Get Help & Answers Now

How can we help?

I'm ready to sign up! I have a few questions I want to refer someone Quiz: is Suboxone for me?

Stuck on Opioids? Learn About Telemedicine Suboxone - Insurance Accepted.

Learn More

Everything You Need to Know About Kratom

Peter Manza, PhD profile image
Reviewed By Peter Manza, PhD • Updated Oct 24, 2023 • 7 cited sources
Video Thumbnail

Kratom is a natural substance that has psychogenic properties. While it’s not illegal, it’s also not an approved medication for any condition at this time, including opioid use disorder (OUD).

Experts do not recommend using kratom to treat substance use disorders (SUD) at this time. While some people have reportedly tried it and claimed to feel better, doctors currently think the risks of kratom outweigh the benefits.

Before you experiment with an untested drug, know that there are proven treatments that can help you overcome OUD. These therapies are very safe and much better understood and tested than substances like kratom. 

What Is Kratom?

Kratom is derived from the leaves of a Southeast Asian tropical tree that belongs to the coffee family. Kratom comes in various forms, including chopped or whole leaves, powder extracts, liquid extracts, pills or capsules. Some people chew the leaves, and others smoke them or brew them into teas.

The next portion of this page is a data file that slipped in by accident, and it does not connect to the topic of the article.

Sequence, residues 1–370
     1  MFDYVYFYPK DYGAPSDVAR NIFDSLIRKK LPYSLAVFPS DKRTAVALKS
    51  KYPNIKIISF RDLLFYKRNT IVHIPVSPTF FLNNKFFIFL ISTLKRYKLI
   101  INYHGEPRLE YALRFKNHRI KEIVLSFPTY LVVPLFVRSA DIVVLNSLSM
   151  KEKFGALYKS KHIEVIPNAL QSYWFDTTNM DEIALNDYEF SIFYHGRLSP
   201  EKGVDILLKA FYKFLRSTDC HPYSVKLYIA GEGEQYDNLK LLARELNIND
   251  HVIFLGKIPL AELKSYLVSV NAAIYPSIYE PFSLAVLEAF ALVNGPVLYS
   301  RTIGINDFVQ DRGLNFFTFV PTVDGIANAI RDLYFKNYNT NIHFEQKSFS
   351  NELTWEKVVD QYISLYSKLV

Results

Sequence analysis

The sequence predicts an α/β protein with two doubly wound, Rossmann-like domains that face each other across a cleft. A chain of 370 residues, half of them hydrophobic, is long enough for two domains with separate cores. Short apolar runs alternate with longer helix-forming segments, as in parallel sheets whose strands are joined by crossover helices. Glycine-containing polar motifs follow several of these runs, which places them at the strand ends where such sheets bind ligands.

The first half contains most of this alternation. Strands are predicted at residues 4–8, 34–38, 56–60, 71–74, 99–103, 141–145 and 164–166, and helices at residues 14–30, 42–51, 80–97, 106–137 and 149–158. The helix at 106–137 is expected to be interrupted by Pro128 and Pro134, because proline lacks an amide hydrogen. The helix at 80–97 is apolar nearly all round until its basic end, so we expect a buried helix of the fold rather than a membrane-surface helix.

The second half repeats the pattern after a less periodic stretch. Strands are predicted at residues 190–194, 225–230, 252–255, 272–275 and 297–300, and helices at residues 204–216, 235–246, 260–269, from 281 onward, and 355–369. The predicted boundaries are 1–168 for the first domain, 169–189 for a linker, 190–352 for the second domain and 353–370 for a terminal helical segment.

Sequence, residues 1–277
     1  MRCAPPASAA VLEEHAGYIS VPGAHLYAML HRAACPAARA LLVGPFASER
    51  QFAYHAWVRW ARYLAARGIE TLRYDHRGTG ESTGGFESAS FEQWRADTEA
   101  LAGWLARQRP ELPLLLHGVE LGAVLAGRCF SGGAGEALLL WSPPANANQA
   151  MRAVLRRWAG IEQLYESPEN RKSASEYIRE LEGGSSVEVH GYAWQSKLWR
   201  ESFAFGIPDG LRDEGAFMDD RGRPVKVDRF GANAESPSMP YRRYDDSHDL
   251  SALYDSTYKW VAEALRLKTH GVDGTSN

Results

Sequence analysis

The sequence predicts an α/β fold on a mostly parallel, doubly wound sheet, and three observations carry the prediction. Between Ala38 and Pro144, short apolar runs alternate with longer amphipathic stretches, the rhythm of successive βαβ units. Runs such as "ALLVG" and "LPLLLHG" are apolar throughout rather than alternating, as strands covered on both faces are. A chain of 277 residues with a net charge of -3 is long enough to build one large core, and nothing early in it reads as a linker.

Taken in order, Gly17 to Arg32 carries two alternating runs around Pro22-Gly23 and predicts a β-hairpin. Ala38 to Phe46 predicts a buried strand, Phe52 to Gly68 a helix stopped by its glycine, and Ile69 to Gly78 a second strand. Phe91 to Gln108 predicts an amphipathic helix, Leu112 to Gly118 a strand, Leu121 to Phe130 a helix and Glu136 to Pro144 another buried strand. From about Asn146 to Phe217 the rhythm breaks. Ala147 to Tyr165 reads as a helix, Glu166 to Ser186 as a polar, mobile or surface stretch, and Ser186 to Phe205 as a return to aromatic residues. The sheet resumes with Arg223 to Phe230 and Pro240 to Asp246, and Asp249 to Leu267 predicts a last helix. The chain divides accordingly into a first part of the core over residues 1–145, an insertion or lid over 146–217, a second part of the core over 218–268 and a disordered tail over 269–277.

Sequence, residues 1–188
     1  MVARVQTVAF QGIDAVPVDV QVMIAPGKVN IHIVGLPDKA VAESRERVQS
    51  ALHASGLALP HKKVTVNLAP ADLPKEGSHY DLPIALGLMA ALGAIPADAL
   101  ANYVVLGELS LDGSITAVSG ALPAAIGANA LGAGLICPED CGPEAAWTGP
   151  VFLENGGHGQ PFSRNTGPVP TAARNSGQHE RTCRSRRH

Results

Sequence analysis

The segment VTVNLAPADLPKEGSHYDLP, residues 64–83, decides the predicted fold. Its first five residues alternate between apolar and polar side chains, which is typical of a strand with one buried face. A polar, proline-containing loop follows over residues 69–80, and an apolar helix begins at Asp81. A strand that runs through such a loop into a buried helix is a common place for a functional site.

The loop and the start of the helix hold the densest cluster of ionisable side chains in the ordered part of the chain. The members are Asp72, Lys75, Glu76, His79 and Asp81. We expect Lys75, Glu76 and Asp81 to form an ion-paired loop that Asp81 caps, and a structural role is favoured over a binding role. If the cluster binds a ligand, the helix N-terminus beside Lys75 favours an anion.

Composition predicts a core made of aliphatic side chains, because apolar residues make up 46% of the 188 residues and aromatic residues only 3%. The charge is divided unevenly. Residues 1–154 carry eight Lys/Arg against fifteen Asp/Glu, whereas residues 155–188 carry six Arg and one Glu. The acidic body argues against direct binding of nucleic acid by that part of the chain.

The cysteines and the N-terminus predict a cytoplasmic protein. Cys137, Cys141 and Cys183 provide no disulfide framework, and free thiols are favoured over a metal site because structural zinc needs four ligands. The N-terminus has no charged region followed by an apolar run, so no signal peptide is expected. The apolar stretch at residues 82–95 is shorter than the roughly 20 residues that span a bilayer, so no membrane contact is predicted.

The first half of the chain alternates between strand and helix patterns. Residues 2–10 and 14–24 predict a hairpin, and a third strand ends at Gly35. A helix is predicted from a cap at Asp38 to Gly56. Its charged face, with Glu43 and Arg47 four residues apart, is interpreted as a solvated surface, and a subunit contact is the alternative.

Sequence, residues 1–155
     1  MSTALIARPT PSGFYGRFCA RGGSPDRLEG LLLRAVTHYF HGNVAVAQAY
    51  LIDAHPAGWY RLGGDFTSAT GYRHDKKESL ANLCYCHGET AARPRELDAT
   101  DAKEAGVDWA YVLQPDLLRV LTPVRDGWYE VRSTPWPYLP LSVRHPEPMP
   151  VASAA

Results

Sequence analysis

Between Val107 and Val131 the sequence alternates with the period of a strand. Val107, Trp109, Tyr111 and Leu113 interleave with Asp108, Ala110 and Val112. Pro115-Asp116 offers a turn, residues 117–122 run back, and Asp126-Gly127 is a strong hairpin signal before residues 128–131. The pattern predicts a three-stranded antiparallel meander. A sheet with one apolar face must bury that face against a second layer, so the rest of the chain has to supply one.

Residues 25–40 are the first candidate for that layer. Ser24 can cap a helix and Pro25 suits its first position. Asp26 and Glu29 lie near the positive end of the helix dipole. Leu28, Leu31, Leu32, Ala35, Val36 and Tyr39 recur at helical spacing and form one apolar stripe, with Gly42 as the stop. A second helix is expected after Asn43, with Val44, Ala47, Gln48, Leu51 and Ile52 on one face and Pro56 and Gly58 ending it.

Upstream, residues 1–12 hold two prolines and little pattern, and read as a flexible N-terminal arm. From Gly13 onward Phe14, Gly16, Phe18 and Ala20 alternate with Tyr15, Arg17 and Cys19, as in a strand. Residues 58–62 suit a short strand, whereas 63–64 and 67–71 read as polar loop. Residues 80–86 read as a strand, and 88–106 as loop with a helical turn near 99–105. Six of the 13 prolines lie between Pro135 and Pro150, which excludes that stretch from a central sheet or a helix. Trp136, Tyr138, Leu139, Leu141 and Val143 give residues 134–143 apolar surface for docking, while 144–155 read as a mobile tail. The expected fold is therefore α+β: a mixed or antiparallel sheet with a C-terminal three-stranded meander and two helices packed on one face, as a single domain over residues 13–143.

Kratom is also known by the following terms:

  • Biak
  • Ketum
  • Kakuam
  • Thang
  • Thom

What Is Kratom Used For?

Historically, kratom has been used to treat health conditions, such as pain, fatigue, lethargy, inattentiveness, depression and anxiety. Now, some people think kratom could help ease OUD symptoms. 

Is Kratom Safe?

The U.S. Food and Drug Administration says people should not take kratom.[1] Kratom works on the same receptors used by opioids like heroin, and it could cause similar problems, including a substance use disorder.

Kratom is an old drug, but research on kratom is relatively new. There is very little information about how long-term kratom use could affect the body. But some early studies say the drug could cause liver problems when used for a long time.[2]

Since kratom can cause SUD and liver disease, it’s not a safe substance for anyone to use without a doctor’s approval. 

Common Kratom Side Effects 

There are two psychotropic ingredients in kratom: mitragynine and 7-α-hydroxymitragynine. Depending on the dosage, kratom can produce either of the following:

  • Opioid-like effects: In large doses, kratom can cause sedation, pleasure, and decreased pain. 
  • Stimulant-like effects: Small doses can cause feelings of boosted energy, increased sociability, and heightened focus and alertness.

Since kratom isn’t dispensed from pharmacies, it’s difficult to know what’s in the dose you take. You may want a small dose to help you stay alert, but you might get a tainted batch that works differently than you expected. It’s impossible to know how strong or safe this drug is.

Some people report kratom side effects, including these:[2]

  • Confusion
  • Constipation
  • Dizziness
  • Drowsiness
  • High blood pressure
  • Liver problems 
  • Nausea
  • Seizures
  • Slow breathing 
  • Vomiting

These side effects can range from mild to severe depending on the dose of kratom, your health and other factors.